“I decided to move to the Northwest, let my hair grow and get a boat,” he said. “But I’m just programmed to work.”

So he took an advisory position on the governor’s committee for the Tacoma Narrows Bridge. And then the Port of Tracyton came calling.

“I kept watching and nobody had filed for the position,” he said. “They even extended the deadline and still no one was filing. So I did.”

That was about a year ago and last November he was elected a port commissioner.

He likes to tell people that he’s a commissioner on the Port of Tracyton — the taxing district with the lowest property tax rate in the entire state.

“It’s so low, it’s almost invisible,” he joked.

In fact, the port’s entire budget is just about $30,000 annually. That has to cover the cost of maintenance of the dock and a couple of pieces of property that the port owns and a part-time administrator.

This year, he said, the port was able to sell one piece of property it owned for $30,000 and “doubled our income.”

With some of the added income, port commissioners want to begin to make some improvements, including the bench and repairs to the paved road that leads to the water at the dock of Tracyton.

“We want to make it attractive to kayakers and canoers,” he said. “It’s an area that we would like to be used for anything non-motorized.”

His hope is that kayakers who paddle the waters from Bremerton and Port Orchard to Poulsbo will stop at Tracyton for a rest, or lunch.

“I’d like to someday see a property close by turned into a picnic area with some covered facilities,” he said. “But with the addition of the bench, it makes for a perfect place for boaters to stop off, kick back and have a sandwich.”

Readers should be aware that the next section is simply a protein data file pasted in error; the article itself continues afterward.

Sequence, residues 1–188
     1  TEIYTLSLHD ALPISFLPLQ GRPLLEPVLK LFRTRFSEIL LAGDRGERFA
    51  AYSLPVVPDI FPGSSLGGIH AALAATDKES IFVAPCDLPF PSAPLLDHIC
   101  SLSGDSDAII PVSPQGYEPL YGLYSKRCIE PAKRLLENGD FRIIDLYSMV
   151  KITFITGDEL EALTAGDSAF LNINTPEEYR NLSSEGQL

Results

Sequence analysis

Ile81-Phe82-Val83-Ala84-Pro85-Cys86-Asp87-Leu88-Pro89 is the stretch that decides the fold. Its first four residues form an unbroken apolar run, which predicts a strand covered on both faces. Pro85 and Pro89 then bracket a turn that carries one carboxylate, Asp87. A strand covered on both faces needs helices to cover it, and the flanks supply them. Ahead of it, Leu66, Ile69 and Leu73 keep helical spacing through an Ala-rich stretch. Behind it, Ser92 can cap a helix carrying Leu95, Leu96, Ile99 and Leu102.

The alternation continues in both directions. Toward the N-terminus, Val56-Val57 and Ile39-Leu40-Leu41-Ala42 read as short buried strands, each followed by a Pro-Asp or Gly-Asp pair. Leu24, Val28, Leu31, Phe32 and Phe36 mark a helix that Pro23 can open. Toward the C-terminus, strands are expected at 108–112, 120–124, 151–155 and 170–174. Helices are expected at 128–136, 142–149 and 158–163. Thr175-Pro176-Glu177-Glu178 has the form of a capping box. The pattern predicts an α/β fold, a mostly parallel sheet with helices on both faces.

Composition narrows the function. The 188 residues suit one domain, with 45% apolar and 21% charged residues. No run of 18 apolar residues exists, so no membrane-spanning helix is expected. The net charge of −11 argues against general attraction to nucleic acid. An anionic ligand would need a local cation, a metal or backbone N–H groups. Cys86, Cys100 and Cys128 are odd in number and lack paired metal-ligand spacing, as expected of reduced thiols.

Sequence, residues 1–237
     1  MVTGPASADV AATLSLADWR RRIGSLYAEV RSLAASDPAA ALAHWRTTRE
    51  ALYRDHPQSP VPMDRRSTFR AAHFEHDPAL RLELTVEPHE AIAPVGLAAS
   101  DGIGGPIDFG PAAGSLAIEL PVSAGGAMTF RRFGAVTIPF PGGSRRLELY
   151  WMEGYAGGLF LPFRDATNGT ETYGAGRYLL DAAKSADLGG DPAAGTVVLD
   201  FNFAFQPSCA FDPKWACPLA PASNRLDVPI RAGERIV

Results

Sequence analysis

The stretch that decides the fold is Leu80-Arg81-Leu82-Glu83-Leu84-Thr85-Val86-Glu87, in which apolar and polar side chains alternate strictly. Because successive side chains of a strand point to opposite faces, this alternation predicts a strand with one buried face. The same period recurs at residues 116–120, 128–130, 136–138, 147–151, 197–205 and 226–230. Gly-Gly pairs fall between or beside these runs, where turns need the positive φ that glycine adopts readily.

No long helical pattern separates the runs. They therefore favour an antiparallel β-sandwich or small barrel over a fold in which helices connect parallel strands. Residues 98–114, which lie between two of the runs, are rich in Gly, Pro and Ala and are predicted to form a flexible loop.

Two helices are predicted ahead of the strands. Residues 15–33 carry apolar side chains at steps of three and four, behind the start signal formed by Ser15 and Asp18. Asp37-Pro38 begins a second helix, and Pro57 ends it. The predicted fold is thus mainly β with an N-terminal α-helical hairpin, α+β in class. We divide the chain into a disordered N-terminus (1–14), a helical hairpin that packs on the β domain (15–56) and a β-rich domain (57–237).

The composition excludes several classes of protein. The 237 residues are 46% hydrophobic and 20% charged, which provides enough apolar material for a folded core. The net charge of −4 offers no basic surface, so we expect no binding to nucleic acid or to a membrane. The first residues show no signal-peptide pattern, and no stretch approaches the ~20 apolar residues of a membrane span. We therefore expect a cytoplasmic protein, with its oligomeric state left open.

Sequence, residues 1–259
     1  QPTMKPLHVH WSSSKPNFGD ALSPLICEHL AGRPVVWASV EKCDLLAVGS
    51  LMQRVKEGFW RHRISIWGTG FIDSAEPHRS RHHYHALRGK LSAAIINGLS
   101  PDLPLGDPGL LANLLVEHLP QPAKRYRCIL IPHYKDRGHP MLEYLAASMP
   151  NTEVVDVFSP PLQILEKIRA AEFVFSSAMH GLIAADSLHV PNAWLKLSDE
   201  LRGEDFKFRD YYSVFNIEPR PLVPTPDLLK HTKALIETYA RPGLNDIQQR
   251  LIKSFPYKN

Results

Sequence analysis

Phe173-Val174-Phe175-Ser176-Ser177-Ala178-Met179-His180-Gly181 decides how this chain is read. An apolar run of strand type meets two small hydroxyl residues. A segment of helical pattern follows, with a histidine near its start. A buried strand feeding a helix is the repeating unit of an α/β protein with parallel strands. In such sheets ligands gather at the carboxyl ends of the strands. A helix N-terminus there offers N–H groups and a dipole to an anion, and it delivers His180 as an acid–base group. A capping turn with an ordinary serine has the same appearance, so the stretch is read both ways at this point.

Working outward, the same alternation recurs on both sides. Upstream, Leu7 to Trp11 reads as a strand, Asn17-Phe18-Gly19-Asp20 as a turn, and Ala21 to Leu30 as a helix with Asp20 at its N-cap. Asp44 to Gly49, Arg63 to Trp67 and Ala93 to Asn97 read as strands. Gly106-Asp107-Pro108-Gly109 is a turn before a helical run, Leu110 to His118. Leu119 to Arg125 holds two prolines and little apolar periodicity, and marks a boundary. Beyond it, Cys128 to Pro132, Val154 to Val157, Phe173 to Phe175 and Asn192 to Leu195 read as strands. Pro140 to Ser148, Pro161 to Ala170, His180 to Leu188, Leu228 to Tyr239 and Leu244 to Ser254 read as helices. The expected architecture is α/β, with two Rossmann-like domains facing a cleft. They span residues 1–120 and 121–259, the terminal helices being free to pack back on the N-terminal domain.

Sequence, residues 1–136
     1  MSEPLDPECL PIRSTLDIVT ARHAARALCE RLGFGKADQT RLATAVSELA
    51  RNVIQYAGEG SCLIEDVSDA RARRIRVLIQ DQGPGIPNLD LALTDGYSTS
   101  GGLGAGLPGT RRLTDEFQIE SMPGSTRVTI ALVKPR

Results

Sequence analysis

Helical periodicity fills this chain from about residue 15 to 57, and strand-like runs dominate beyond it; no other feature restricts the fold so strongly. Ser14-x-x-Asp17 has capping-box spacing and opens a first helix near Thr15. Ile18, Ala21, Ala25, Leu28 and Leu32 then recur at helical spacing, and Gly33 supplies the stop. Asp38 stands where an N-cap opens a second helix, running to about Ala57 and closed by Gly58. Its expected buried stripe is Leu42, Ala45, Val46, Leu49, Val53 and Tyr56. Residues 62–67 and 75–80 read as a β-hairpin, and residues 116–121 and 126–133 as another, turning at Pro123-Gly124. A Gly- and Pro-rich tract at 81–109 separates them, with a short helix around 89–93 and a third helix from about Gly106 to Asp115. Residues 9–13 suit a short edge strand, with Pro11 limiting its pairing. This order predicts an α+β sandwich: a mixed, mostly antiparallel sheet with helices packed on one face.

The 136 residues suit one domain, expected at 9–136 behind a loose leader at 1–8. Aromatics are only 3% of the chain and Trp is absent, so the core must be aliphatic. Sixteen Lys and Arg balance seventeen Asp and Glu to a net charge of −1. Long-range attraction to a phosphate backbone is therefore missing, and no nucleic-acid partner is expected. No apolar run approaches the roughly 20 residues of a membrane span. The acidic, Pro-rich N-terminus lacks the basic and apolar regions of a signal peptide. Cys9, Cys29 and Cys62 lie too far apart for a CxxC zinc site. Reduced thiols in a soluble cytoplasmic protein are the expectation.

Tracyton is on the Kitsap County Water Trails Map and officials at Olympic Outdoors (kayaking outfitters) are helping plan the “Ride the Tide to Tracyton” celebration.

Hilliard knows that the boat launch at Tracyton is small in comparison to other places. But he said its a public place available for recreation.

“If nothing else, it’s just a great little place for people who kayak and canoe,” he said.

The port owns a property nearby that could be used in the future to provide for more vehicle parking for visitors to the boat launch area. And that’s on the port’s list for future projects, as is helping Tracyton with its annual Holiday tree lighting next December.

“That’s what I love about Tracyton,” he said. “There’s just that village appeal. We work together here to see that things get done.”

With the soon-to-be improved boat launch, the Tracyton Methodist Church’s park, the Tracyton Public House, and the Tracyton Library, there’s the real possibility of rebirth of tourism in Tracyton, he said.

“Ports are in the business of economic development,” he said. “For us, that really means bringing visitors to the area. We’re working toward that.”

And he said, Tracyton has the best sunsets around.

“Just come down and watch one,” he said. “They are the best sunset views in Puget Sound.”

Port commissioners meet at 6 p.m. on the second Thursday of each month in the meeting room of the Tracyton Community Library, 351 NW Tracy Ave.